Counting The Layers Of a Whale’s Wax Earplugs, Robin Hood, And More

Things I Learned This Week (And Last Week Too):

1) To find out how many years a dead blue whale had lived, you can count the layers of the animals wax earplugs.

Well, maybe you and I couldn't, but scientists who know what they are doing can--like the rings on a tree trunk.

The average lifespan of a blue whale, the largest animal ever to live on Earth and now endangered, is about 80 to 90 years; the oldest found using this method was determined to be about 110 years old.

Why did I learn this? I was looking up information on blue whales for the Post’s Education page, and found more from National Geographic:

*Their tongues alone can weigh as much as an elephant, and their hearts, as much as an automobile. Blue whales can grow to 100 feet long and weigh as much as 200 tons. Newborns weigh up to 3 tons!

*An adult blue whale can eat 4 tons of krill-- tiny shrimp-like animals --a day.

*They are among the loudest animals on the planet and can hear each other’s groans and moans up to 1,000 miles away.

2) States aren’t doing what they are supposed to be doing with education money they are receiving from the federal government’s economic stimulus.

A memo this week by the Education Department’s inspector general said that some states are using the money not to increase aid to schools-- as the funding was intended-- but instead to fill budget holes. So, the Associated Press reported, K-12 school districts and public institutions of higher education could wind up with no extra funds. Education Secretary Arne Duncan said that states will be held accountable for how they spend the stimulus money.

We’ll watch to see if he does.

3) Every generation gets the Robin Hood It Deserves. The Robin Hood It Deserves?

The University of Rochester is hosting a conference on the status of Robin Hood “as a creature of the media.” The press release says it better than The Answer Sheet ever could:

“The hero of Sherwood Forest is one of the best-known outlaws in history for launching attacks on the wealthy and the wicked in order to steal from the rich and give to the poor. Despite the fact that his origins are unknown, he has no authorized biography, and even scholars continue to debate whether or not he is real, Robin Hood continues to reappear, transformed by the media that present him, and gaining the attention of both popular culture and the International Association for Robin Hood Studies Seventh Biennial Conference.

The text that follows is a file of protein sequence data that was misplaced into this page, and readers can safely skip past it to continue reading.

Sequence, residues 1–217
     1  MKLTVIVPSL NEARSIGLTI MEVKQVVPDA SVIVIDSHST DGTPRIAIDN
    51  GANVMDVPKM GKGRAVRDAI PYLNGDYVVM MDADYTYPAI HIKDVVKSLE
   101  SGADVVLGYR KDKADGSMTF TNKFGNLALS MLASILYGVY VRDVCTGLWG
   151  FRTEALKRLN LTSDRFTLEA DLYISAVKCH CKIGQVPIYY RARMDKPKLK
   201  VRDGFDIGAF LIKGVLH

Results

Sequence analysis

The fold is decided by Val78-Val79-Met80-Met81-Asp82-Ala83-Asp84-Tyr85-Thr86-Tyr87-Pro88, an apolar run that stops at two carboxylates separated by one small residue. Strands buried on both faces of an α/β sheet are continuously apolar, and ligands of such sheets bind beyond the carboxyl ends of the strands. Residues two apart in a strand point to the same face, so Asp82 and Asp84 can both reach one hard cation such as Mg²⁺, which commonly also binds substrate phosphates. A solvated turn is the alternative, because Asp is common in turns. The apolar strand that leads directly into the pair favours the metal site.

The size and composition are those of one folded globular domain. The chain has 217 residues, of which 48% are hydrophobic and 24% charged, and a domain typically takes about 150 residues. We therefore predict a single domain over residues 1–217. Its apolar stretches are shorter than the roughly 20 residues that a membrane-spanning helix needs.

“‘Every generation gets the Robin Hood they want and the Robin Hood they deserve,’” says Thomas Hahn, professor of English and the organizer of “Robin Hood: Media Creature,” a conference that will examine the ways in which the outlaw hero has been reshaped over the past 700 years.”

The four-day conference, starting Oct. 22, will offer exhibitions of Robin Hood-related materials, arias and songs from Robin Hood musicals, Robin Hood movies and more.

See you there.


4) Famous folks complain about shoddy construction too.

The Idaho Supreme Court ruled this week that actors Tom Hanks and Rita Wilson can take the contractor of their high-end Sun Valley home back to arbitration over claims of shoddy workmanship. The couple has been in a long battle with a construction company hired to build their villa in 2000. Hanks and Wilson said they discovered defects in the construction that weren’t immediately obvious and asked for arbitration of their claims. The company denied it had done anything shoddy. I don’t quite know why this is comforting, but, somehow, it is.


5) My daughter’s 8th grade English teacher, Clay Roberson, reminded parents at back to school night how modern English can turn the sublime into the ridiculous.

He read part of a George Orwell essay called “Politics and the English Language:”
“...I am going to translate a passage of good English into modern English of the worst sort. Here is a well-known verse from Ecclesiastes:

“ ‘I returned and saw under the sun, that the race is not to the swift, nor the battle to the strong, neither yet bread to the wise, nor yet riches to men of understanding, nor yet favour to men of skill; but time and chance happeneth to them all.’

“Here it is in modern English:

“Objective considerations of contemporary phenomena compel the conclusion that success or failure in competitive activities exhibits no tendency to be commensurate with innate capacity, but that a considerable element of the unpredictable must invariably be taken into account.

“This is a parody, but not a very gross one.”


6) Antioch College will live again.

A group of alumni that couldn’t stand the fact that the small Ohio school closed two years ago as an independent institution has purchased the place for $6 million with the intention of reopening it in 2011. The private, liberal-arts college was founded in 1852 and combined academic learning with experience through a co-op program in which students left campus to work in various fields. Its first president was the famed educator Horace Mann, and over the years, the school became known for its social activism and civil disobedience.

By Valerie Strauss  |  October 3, 2009; 11:10 AM ET
Categories:  The Lists  | Tags: Antioch College, Blue Whales, George Orwell, Robin Hood, Tom Hanks Save & Share:  Send E-mail   Facebook   Twitter   Digg   Yahoo Buzz   Del.icio.us   StumbleUpon   Technorati   Previous: What's Going On In D.C.?
Next: Responding to Readers: Print vs. Screen, Who Should Pack School Lunches, College for the Retired, Getting Kids to Talk

No comments have been posted to this entry.

The comments to this entry are closed.

 
 
RSS Feed
Subscribe to The Post

© 2010 The Washington Post Company